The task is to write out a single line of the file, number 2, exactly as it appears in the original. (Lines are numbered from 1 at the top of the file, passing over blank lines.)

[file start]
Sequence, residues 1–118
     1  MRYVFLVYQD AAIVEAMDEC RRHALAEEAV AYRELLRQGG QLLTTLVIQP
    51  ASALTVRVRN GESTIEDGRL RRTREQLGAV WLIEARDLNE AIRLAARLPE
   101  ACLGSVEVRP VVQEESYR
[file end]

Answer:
     1  MRYVFLVYQD AAIVEAMDEC RRHALAEEAV AYRELLRQGG QLLTTLVIQP